The White House released a list of what cuts will be made in Ohio as part of mandatory spending cuts set to kick in March 1, which are widely known as the sequester. Among other changes, 26,000 civilian defense employees would be furloughed, 350 teacher and aide jobs would be put at risk due to $25.1 million in education cuts and $6.9 million for clean air and water enforcement would be taken away. President Barack Obama and Democrats have pushed to replace the sequester with a plan that contains tax changes and budget cuts, but they’ve failed to reach a compromise with Republicans, who insist on a plan that only includes spending cuts. Community Council President David White told WVXU that the streets and sidewalks of the long-neglected neighborhood of Pendleton were previously crumbling, but the Horseshoe Casino’s development has helped transform the area. With Tax Increment Financing (TIF) funds, the city has budgeted $6 million in neighborhood development that has led to new trees, expanded sidewalks and the potential for further developments that will appeal to new businesses. A surprise inspection of the private prison owned by Corrections Corporation of America (CCA) on Feb. 22 revealed higher levels of violence, inadequate staff, high presence of gang activity, illegal substance use, frequent extortion and theft, according to the report from the Correctional Institution Inspection Committee (CIIC), Ohio’s nonpartisan prison watchdog. The CIIC report found enormous increases in violence, with a 187.5-percent increase in inmate-on-inmate violence and 305.9-percent in inmate-on-staff violence between 2010 and 2012. Many of the problems are being brought on by inadequate staff, according to the report. The findings echo much of what privatization critics have been warning about ever since Gov. John Kasich announced his plans to privatize the state prison in 2011, which CityBeat covered in-depth here. Kasich has highlighted funding increases in the education plan in his 2014-2015 budget proposal, but the plan also includes looser requirements for Ohio’s schools. The plan will remove the teacher salary schedule from law, which sets a minimum for automatic teacher pay increases for years of service and educational accomplishments, such as obtaining a master’s degree. It would also change the minimum school year from 182 days to 920 hours for elementary students and 1,050 for high school students, giving more flexibility to schools. CityBeat took an in-depth look at the governor’s budget and some of its education changes here. Ohio Democrats want to change how the state picks its watchdog. The governor currently appoints someone to the inspector general position, but Democrats argue a bipartisan panel should be in charge of making the pick. Mayor Mark Mallory is in Spain to meet with CAF, the company constructing the cars for Cincinnati’s streetcar project. Streetcar opponents, including mayoral candidate John Cranley, say the cars are being built too early, but the city says it needs the time to build the cars, test them, burn the tracks and train staff in the cars’ use. CityBeat covered the streetcar and how it relates to the 2013 mayoral race here. The amount of Ohio prisoners returning to prison after being released hit a new low of 28.7 percent in 2009. The numbers, which are calculated over a three-year period, indicate an optimistic trend for the state’s recidivism statistics even before Gov. John Kasich’s sentencing reform laws were signed into law. Cincinnati’s real estate brokers say the city manager’s parking plan will revitalize Downtown’s retail scene by using funds from semi-privatizing Cincinnati’s parking assets to renovate Tower Place Mall and build a 30-story apartment tower with a parking garage and grocery store. The University of Cincinnati was the second-best fundraiser in the state in the past year. On Feb. 20, UC announced it had met its $1 billion goal for its Proudly Cincinnati campaign. On Saturday, Bradley Manning, the American citizen accused of leaking a massive stash of diplomatic cables and military reports to WikiLeaks, went through his 1,000th day in U.S. custody without a trial.Popular Science has seven ways sitting is going to kill us all.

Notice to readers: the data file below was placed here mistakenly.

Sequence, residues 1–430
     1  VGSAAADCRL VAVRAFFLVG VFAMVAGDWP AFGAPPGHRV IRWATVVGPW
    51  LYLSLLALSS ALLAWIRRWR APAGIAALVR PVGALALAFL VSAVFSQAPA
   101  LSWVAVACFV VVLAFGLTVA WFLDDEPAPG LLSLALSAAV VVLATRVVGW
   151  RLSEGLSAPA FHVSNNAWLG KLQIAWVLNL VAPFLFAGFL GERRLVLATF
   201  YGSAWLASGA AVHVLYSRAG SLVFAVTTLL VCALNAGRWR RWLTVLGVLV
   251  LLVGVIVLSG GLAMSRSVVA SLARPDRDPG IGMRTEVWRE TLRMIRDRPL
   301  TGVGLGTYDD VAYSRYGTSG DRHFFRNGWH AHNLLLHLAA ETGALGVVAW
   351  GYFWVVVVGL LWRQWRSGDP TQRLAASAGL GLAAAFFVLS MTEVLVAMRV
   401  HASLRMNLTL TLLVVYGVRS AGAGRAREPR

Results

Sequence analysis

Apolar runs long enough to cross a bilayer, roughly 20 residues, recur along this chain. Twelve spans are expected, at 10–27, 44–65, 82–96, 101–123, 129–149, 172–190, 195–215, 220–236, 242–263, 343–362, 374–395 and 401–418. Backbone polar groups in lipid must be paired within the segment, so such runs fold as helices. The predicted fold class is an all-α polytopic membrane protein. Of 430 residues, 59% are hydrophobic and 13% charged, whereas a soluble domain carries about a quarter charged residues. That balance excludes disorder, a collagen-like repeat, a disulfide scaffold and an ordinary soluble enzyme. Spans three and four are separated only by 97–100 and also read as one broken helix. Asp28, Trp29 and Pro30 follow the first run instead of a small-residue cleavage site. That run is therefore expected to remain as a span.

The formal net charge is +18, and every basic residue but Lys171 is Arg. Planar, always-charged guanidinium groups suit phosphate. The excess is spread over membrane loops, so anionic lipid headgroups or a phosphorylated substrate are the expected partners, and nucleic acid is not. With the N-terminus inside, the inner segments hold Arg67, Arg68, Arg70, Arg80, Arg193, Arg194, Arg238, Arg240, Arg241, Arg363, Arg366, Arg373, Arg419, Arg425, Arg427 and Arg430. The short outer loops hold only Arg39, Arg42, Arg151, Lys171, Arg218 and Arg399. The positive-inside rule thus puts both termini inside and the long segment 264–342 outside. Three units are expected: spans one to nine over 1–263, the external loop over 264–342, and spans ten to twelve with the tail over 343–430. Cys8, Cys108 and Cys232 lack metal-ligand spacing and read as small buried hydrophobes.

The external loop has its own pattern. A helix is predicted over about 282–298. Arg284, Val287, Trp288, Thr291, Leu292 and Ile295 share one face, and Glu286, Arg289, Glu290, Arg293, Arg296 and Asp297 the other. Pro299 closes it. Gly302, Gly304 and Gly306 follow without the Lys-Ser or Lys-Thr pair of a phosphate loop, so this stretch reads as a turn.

by German Lopez 02.14.2013